Conversations: Mary K. Wakefield on getting ready to double the work of clinics

The Washington Post

Mary K. Wakefield, 55, is the administrator of the Health Resources and Services Administration, an agency of the U.S. Department of Health and Human Services. The agency oversees community health centers across the nation and programs that bring health care to the uninsured.

The health-care legislation signed into law in March provides a major boost to community health centers: $11 billion over five years. The first of these federally supported primary-care clinics opened in 1965.

The health-care overhaul also provides funding to increase the supply of primary-care providers. On Wednesday, Secretary of Health and Human Services Kathleen Sebelius announced that the federal government will spend $250 million in programs to increase the number of doctors, nurses and other care providers. The programs come under the jurisdiction of HRSA.

Wakefield, a nurse who is a leading expert in rural health care, was appointed to the position in February 2009. She was associate dean for rural health at the University of North Dakota's School of Medicine and Health Sciences and directed the university's Center for Rural Health.
Here are excerpts of an interview with her:

Q What's your agency's role in implementing specific programs under the recently passed health-care legislation?

Probably the easiest way to think about HRSA's role is along four major themes, or areas of focus. One is supporting maternal and child health. Two is investing in the health-care workforce. Three would be broadening and expanding access to discounted drugs for safety-net providers. Four is increasing access to primary-care services.

The biggest component is the additional funds for community health centers, right? How will that work?

From the funding perspective, the answer to that would be yes . . . .

The health centers' expansion through the Affordable Care Act focuses in three areas. It expands the number of sites and locations. It also supports expanded health-care services, such as oral health-care services and mental health services. . . . The last area of focus is to support construction and renovation of community health centers.

How many patients do the centers serve, and how do you expect that to change?

Right now, the health centers, in total, serve about 19 million patients a year. That includes, so far, an additional 2.1 million served as a result of the [stimulus funds]. On that base, the Affordable Care Act provides $11 billion over five years, and we expect this investment will approximately double the number of people seen in health centers. It will enable us to serve about 20 million patients over five years.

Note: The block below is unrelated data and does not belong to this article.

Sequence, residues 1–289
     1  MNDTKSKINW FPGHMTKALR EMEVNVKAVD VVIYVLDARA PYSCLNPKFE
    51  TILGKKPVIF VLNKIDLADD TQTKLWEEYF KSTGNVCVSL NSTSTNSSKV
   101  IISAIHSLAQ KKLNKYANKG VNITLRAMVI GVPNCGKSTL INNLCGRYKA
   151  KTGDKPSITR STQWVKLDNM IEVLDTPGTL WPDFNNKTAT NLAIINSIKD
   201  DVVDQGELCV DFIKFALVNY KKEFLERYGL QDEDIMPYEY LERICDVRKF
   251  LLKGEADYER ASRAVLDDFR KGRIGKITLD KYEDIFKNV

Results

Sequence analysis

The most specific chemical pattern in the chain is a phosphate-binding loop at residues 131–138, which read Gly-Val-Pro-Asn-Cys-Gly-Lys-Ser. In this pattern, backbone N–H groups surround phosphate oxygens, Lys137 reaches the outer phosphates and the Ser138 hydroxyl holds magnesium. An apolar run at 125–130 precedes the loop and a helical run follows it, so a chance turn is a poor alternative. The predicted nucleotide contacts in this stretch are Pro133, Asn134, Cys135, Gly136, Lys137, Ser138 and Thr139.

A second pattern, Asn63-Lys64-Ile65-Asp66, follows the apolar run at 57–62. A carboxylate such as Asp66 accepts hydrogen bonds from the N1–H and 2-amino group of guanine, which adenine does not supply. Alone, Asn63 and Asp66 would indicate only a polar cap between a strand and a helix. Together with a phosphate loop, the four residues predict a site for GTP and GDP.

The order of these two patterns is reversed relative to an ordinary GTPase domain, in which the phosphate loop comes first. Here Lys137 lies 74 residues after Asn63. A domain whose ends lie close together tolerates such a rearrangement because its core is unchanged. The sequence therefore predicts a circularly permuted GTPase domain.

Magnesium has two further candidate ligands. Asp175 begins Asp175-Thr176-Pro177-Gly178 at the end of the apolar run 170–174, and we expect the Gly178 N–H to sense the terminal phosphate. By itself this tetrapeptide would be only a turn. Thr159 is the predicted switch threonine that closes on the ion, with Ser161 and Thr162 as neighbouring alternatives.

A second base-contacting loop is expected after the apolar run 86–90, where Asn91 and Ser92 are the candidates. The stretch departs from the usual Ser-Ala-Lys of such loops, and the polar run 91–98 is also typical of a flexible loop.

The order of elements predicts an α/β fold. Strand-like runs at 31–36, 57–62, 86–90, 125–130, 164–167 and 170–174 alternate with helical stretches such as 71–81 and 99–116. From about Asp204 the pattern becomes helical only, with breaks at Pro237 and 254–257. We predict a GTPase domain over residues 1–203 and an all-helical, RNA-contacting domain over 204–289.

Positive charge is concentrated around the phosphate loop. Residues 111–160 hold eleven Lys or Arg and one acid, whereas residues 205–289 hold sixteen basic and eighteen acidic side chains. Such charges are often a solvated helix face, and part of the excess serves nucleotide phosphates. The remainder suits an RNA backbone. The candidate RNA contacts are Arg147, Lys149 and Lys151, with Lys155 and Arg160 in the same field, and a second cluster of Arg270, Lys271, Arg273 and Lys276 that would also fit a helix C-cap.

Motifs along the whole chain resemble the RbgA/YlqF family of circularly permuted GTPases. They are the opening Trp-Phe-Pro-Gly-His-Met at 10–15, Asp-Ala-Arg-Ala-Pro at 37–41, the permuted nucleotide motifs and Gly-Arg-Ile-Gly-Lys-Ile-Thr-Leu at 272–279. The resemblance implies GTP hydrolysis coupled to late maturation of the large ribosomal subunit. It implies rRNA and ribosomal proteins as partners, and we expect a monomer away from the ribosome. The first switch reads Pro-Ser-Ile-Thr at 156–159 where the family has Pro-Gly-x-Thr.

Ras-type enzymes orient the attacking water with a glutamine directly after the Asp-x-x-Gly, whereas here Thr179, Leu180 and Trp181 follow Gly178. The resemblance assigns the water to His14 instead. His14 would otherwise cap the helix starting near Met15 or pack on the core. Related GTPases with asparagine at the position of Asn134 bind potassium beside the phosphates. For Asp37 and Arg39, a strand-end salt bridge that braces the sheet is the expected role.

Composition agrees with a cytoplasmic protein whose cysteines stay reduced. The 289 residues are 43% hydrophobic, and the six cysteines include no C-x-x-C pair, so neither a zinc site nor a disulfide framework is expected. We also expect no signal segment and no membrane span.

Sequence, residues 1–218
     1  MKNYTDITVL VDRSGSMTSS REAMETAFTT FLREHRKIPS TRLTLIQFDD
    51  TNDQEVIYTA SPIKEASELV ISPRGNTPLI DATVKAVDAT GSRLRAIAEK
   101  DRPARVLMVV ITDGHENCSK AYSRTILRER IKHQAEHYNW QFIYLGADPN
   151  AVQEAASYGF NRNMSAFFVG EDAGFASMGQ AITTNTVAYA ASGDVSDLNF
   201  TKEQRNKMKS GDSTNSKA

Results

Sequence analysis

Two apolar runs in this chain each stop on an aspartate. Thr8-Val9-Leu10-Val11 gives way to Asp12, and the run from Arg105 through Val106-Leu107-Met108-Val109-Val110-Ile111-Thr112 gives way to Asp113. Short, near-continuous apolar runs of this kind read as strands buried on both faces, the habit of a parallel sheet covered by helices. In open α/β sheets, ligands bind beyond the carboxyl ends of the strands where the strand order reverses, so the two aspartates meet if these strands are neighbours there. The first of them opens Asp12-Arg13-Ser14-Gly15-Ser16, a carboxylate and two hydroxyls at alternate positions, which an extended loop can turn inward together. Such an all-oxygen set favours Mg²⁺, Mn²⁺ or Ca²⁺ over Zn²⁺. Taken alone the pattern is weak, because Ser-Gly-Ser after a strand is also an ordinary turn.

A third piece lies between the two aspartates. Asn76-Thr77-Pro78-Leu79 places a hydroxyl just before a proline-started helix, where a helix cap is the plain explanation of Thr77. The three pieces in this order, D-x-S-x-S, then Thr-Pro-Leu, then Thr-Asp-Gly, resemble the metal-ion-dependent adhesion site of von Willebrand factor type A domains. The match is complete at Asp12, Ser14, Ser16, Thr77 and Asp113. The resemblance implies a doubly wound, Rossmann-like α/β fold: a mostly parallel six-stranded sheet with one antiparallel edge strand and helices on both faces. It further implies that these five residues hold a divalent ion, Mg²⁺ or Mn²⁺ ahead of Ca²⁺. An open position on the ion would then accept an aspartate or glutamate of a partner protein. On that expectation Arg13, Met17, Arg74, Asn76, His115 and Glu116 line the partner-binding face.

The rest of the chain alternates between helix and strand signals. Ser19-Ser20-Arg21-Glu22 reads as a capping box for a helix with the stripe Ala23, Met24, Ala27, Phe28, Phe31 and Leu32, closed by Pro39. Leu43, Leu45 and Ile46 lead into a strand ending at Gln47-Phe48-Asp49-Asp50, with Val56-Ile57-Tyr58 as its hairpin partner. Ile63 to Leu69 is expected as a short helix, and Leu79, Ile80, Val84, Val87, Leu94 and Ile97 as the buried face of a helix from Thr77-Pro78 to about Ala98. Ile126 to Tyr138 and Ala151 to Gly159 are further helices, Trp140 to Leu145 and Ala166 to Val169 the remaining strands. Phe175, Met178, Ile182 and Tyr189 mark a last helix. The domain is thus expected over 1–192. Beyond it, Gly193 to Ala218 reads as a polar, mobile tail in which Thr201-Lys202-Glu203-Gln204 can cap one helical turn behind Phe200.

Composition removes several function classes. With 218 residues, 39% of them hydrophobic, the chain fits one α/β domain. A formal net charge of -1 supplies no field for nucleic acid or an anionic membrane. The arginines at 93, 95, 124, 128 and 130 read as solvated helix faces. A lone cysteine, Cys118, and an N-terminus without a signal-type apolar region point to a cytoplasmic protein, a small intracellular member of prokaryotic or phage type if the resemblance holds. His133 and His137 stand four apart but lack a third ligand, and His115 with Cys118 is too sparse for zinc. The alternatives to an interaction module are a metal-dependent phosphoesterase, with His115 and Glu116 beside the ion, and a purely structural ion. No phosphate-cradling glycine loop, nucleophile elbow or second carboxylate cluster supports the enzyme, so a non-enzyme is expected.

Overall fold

Where are these centers located, and what kinds of services do they provide?

They focus on preventive and primary health-care services. There are 1,100 grantees across the nation. However, there are about 7,900 sites. Many [grantees] have satellite locations. They're located in rural and urban areas, in underserved areas; just over half are in rural areas. They are in every state and the District of Columbia.

Who uses health centers?

Some who come through the doors have insurance. There are patients who have Medicare, Medicaid, who are uninsured, self-paying and insured. Just over 90 percent of the patients seen are below 200 percent of the poverty level, and about 40 percent of patients are uninsured.

Do you expect the percentage of uninsured patients seeking service at health centers to increase over the next few years?

If you use Massachusetts after they passed universal coverage, between 2005 and 2009, Massachusetts health centers saw an increase in patients. There was an increase in the patient load by about 25 percent, even while their overall percentage of uninsured patients decreased by over 30 percent.

How will the funding process work, and when will it begin?

We're in the process of implementation on that program. The $11 billion will be allocated beginning this fall.

What do you like least about your job?

What I like least is that a 24-hour day isn't long enough to get everything done and to do it extremely well. We're all very busy.

What would you like people to know about you besides your job responsibilities?

I'm a nurse, and very proud of that. And that I'm from North Dakota, and there's not that many of us here in Washington or in North Dakota. It's a low-population state.
Are you hoping to have some vacation back in North Dakota?

My husband and my home are in North Dakota. I try to get back every third or fourth weekend. . . . I can tell you, it's not cheap.

Are there hobbies you've had to give up since coming to Washington?

I'm from Devils Lake. It's now become a top-ranked fishing lake. What I can't do here: birding, hiking, fishing and my favorite sport -- ice hockey. In North Dakota, that is the name of the game.